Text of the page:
High Quality, Low Cost HealthCare Video Interview Series: Dan Munro Talks Value in HealthCare
Last week, e-Patient Dave deBronkart gave us his ideas on visible pricing in healthcare. This week, Dan Munro, HealthCare Compass writer for Forbes.com talks to us about value. Dan is the CEO and Founder of iPatient.com, a healthcare website that facilitates patient/provider dialogue. Dan has a background in Information Technology and has written more than several articles on the situation of healthcare today, one of which was recently published on our site. In this video, Dan talks about several websites where patients can find information about value in healthcare and I wanted to give you the links here:
And now, watch the video:
To see other videos in this series, please go to this page. And if you have a story to tell that can reduce healthcare costs and raise quality of care, please comment below or email me at email@example.com Thanks!
Video transcript (by transcriptionstar)
Joan: Hello. I'm Joan Justice with HealthWorks Collective, and I'm here today with Dan Munro. Dan is a healthcare writer for Forbes and he's also the CEO and founder of iPatient, a website which is helping to transform the patient provider dialog. In a recent article, Dan commented that the real challenge ahead isn’t so much about pricing itself as about value that's what remains a real mystery. Dan I would like you to talk a little bit about value here.
Dan: Sure and thanks for taking the time and visiting today. Yeah it was an important article in part because there's so much focus today around the idea of transparent pricing and I wanted to get a little bit deeper on that subject relative to healthcare, and how that fits into the value equation because its really challenging to simply work backwards from visible or transparent pricing.
There are solutions that are starting to materialize relative to getting visible pricing and one of this I don’t know if I referenced this one, but there's a surgical center in Oklahoma that actually publishes on the web a price list for almost every sort of minor and some major outpatient surgeries that they provide. There's a huge disclaimer at the front end of the website that says these are our prices if we have to file insurance on your behalf these prices do not apply.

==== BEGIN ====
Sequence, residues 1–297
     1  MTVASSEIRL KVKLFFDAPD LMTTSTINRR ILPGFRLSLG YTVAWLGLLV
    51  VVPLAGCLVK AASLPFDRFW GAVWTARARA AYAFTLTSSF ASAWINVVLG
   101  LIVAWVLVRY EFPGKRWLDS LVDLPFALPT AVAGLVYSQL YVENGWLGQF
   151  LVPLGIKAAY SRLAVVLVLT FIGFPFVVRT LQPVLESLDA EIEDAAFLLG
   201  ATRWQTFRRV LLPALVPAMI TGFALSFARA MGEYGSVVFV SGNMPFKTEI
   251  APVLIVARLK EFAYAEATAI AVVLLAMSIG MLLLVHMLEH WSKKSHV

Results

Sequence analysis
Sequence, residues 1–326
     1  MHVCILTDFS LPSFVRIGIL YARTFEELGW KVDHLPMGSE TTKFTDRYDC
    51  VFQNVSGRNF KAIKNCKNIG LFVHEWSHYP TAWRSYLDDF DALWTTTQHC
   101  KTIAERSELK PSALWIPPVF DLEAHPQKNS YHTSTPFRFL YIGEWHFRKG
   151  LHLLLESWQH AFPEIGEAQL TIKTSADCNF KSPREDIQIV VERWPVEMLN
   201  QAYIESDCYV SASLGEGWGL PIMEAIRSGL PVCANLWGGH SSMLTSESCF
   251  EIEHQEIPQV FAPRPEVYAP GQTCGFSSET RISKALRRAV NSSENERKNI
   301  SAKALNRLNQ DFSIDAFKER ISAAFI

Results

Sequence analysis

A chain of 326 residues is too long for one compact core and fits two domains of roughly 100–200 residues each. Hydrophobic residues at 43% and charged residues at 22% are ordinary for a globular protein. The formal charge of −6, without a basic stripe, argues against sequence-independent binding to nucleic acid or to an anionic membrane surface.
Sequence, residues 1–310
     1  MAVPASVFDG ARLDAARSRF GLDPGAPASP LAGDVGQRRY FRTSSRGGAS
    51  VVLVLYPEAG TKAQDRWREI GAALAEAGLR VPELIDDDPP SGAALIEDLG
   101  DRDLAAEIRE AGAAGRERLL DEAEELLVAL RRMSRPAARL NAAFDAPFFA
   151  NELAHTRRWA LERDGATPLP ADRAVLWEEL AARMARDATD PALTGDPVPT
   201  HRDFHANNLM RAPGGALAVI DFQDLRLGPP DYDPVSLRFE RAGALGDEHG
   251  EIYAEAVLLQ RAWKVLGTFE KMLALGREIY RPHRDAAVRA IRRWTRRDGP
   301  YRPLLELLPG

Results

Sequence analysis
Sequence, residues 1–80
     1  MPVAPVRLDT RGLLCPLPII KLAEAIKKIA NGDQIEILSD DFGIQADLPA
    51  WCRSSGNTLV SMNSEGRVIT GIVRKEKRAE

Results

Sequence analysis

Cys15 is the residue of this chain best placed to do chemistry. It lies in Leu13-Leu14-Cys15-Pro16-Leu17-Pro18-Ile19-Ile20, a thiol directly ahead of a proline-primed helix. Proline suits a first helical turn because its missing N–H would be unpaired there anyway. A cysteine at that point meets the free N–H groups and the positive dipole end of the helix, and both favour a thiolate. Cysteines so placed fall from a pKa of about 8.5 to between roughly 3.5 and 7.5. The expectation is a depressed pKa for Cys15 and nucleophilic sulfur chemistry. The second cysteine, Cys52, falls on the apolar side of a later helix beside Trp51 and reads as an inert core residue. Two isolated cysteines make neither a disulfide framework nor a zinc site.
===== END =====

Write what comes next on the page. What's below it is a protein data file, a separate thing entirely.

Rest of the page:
Joan: Yes of course yeah.
Dan: So it’s a really interesting spin on what I referenced as sort of the leading that where we're headed with pricing. What we have to be careful of though and that's really the larger issue behind is how we determine as consumers of patients how do we arrive at what's true value for the healthcare spin and right now much of what we wind up sending relative to healthcare is simply really expensive and its continuing to escalating so arriving a value is a lot harder than simply looking at price and I'll give you the example that I like to cite because I haven't found this quite in the while yet, but I know there are cases where a local outpatient lab facility could provide say an MRI and they maybe able to charge $80, $90, a $100 for a simple MRI and if you compare that too for example a hospital and the MRI inside a hospital is let's say $800 there's a huge discrepancy there in price.
What we haven’t determined is what the value difference is between those two as they relate very specifically to our own healthcare needs, and that's where pricing is certainly the first step in the equation and it's an important one. But I argue that it's not the only one and ultimately it's not the one that we need the most. What we need to get to is quickly as we can is two things. First of all, we need to get that value equation relative to price and there are instances where the $80 MRI may make a lot of sense and there are other instances where the $800 MRI is at a hospital is perfectly legitimate and appropriate.